This sculpture addresses the existential question of one´s own role within a never ending circle of decay and renewal. A shiny skull with flowers growing in its eye sockets. A metal surface around a rest of organic material, warm in color, appealing and rejecting at the same time. It is in contrast with fragile flowers, but the opposition is valid only in short-term thinking. Both elements will lose their current form with time, yet both will be recycled to new life.
The skull is completely unconnected to the surrounding space, not clearly human in shape, solitary and universal at the same time. It displays the opposition and interdependency of life and death, and of individual and absolute existence. While it confronts with the fear of one´s own mortality, at the same time it opens way to the concept of transcendental immortality within life as such. The flowers, a symbol for life, grow out of the metal skull, like a triumph of life over death. At the same time, the single, individual skull confronts with the personal fear of death, making it clear that even if life as such will persist, your own life will end. But where starts and where ends the self? A human can sense himself only as long as he is alive. Death is the point after which the self is not perceived anymore. Thats why we fear death, take a shortsighted view and limit our thinking to our own life span, block out death or supersede it with thoughts of a life after it. Death is omnipresent, intertwined with life, exceeding life, and only together they constitute the world which we experience. But at all these conciliating thoughts, little do we know about the whereabouts of the self in death. Even universal life may go on, the individual you are will vanish for yourself. This is the main point for any human, an his major fear.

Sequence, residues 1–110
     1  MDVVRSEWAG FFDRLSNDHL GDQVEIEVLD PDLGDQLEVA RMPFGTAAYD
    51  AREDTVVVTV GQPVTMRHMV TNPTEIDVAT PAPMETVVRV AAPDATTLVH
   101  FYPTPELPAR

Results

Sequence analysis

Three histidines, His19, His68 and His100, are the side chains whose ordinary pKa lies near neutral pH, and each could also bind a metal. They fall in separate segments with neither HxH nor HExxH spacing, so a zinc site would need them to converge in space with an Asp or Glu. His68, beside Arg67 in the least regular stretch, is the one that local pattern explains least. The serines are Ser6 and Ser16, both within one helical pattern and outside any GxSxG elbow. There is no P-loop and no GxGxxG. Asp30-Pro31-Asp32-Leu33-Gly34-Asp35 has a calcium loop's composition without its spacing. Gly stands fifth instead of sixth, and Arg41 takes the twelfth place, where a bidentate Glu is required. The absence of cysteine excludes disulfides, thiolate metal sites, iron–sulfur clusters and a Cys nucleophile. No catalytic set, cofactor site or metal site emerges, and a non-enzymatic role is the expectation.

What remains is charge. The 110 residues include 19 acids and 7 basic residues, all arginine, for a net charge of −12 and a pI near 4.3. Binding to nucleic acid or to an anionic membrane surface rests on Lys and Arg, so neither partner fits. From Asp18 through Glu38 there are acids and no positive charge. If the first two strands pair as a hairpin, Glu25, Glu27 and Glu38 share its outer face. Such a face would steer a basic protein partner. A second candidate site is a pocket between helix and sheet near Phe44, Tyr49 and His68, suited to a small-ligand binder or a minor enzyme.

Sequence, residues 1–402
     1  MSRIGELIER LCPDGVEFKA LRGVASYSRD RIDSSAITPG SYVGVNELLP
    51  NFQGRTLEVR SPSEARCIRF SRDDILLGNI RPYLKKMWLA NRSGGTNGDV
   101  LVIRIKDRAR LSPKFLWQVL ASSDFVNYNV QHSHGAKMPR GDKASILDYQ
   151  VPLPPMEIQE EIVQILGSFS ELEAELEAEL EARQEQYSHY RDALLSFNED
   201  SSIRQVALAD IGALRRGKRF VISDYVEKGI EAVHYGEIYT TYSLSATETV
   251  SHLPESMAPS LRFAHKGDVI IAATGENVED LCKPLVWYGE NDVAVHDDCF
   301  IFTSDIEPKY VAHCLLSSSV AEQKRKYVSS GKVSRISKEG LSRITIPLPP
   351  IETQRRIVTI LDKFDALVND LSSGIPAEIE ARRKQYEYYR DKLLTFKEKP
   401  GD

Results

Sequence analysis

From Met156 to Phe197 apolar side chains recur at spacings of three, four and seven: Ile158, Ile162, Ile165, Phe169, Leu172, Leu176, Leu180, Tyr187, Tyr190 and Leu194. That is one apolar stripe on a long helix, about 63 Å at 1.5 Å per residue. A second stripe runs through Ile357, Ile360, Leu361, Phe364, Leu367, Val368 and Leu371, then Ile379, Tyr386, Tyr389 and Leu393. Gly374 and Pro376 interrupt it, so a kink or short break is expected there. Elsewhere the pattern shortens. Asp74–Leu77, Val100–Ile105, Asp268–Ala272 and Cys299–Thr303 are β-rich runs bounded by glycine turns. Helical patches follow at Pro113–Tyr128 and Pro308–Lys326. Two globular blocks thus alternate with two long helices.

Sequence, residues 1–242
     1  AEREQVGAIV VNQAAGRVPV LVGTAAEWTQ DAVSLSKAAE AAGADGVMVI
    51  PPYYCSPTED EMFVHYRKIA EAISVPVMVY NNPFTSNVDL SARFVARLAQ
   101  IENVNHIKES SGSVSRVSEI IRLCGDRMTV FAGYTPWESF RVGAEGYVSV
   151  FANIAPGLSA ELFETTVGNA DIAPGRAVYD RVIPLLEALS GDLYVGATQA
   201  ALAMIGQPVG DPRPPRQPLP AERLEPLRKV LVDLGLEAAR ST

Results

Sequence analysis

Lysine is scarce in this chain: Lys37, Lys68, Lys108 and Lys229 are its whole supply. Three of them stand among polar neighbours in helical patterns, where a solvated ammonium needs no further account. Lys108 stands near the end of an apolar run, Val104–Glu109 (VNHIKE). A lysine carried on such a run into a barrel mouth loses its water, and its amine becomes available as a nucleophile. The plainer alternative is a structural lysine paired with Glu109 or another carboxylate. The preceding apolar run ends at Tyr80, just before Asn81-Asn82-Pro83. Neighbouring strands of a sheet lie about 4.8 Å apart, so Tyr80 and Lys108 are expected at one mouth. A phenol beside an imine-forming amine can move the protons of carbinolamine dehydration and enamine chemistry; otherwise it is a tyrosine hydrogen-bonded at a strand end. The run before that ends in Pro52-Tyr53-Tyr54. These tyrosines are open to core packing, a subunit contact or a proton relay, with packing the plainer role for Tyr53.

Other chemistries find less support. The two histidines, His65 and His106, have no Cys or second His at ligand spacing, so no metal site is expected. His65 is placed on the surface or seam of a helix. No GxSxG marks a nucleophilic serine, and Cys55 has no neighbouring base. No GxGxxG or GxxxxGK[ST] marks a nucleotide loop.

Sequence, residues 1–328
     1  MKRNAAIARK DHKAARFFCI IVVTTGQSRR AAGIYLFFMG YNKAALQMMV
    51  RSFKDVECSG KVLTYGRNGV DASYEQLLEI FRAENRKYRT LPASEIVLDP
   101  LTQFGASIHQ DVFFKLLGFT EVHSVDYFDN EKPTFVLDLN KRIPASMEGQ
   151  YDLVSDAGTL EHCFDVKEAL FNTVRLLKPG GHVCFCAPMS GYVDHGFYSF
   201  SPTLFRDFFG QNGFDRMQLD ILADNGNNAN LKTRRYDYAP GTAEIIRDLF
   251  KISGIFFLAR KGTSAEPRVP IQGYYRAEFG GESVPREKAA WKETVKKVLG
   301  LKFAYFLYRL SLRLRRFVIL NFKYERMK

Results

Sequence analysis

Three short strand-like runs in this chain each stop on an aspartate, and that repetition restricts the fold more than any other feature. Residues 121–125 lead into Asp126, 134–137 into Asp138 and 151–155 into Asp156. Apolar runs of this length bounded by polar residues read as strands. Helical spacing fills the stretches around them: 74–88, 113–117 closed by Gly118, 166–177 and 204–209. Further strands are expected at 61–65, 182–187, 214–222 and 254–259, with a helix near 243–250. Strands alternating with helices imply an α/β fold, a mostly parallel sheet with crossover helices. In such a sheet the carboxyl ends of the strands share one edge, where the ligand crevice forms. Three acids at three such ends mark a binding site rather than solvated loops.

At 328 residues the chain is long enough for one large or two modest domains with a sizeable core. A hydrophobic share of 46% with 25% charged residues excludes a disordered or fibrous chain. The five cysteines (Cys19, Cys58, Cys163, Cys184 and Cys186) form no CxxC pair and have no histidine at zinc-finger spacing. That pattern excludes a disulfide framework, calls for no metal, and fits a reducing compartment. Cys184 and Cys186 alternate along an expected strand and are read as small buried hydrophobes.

The golden, inorganic cover embraces the remainder of a living creature, bones which themselves are lifeless already. The apparent persistence of the material hides the fact of its transitoriness, because also metal is destroyed by oxidation, in a slow decay. The skull will turn brown first, then green, and after many years it will fall apart. But also the plants, a clear contrast with their soft an organic structure, will die. Their living and dying again plays with our concept of self and individual life and death. The individual flower´s death is just a matter of time, but the plant itself will persist longer, it will sprout new shoots from its roots, before also they will die. Similar connotations arise from the shape of the skull, which is not anatomically correct and not human by nature. Thereby this skull becomes a representative of life itself, even it apparently is an individual, a self.
It is this play with individual and universality the object challenges the observer most. It confronts not only with the fear of one´s own mortality, but at the same time opens a neutral space of perception, in which the self loses its importance and life as such comes to the fore – and in which any individual can perceive himself as a representative of everlasting, universal existence.